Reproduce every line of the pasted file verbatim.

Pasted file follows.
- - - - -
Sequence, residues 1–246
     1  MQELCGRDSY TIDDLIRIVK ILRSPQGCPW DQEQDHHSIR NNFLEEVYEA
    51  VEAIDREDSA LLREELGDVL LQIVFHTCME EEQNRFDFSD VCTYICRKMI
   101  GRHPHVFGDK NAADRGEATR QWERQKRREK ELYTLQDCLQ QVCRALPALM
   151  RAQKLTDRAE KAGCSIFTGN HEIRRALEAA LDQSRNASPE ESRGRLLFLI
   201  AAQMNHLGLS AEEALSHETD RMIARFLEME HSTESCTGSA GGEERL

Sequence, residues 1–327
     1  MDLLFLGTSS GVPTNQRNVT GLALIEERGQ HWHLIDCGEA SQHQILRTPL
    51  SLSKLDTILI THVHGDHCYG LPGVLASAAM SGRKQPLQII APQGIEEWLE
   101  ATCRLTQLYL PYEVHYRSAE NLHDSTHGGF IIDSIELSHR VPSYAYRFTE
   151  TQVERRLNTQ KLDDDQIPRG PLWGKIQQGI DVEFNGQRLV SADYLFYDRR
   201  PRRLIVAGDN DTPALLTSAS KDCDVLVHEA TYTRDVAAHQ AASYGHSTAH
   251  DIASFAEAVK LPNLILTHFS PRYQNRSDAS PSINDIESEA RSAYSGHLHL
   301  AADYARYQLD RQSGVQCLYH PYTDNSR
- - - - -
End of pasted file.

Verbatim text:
Sequence, residues 1–246
     1  MQELCGRDSY TIDDLIRIVK ILRSPQGCPW DQEQDHHSIR NNFLEEVYEA
    51  VEAIDREDSA LLREELGDVL LQIVFHTCME EEQNRFDFSD VCTYICRKMI
   101  GRHPHVFGDK NAADRGEATR QWERQKRREK ELYTLQDCLQ QVCRALPALM
   151  RAQKLTDRAE KAGCSIFTGN HEIRRALEAA LDQSRNASPE ESRGRLLFLI
   201  AAQMNHLGLS AEEALSHETD RMIARFLEME HSTESCTGSA GGEERL

Sequence, residues 1–327
     1  MDLLFLGTSS GVPTNQRNVT GLALIEERGQ HWHLIDCGEA SQHQILRTPL
    51  SLSKLDTILI THVHGDHCYG LPGVLASAAM SGRKQPLQII APQGIEEWLE
   101  ATCRLTQLYL PYEVHYRSAE NLHDSTHGGF IIDSIELSHR VPSYAYRFTE
   151  TQVERRLNTQ KLDDDQIPRG PLWGKIQQGI DVEFNGQRLV SADYLFYDRR
   201  PRRLIVAGDN DTPALLTSAS KDCDVLVHEA TYTRDVAAHQ AASYGHSTAH
   251  DIASFAEAVK LPNLILTHFS PRYQNRSDAS PSINDIESEA RSAYSGHLHL
   301  AADYARYQLD RQSGVQCLYH PYTDNSR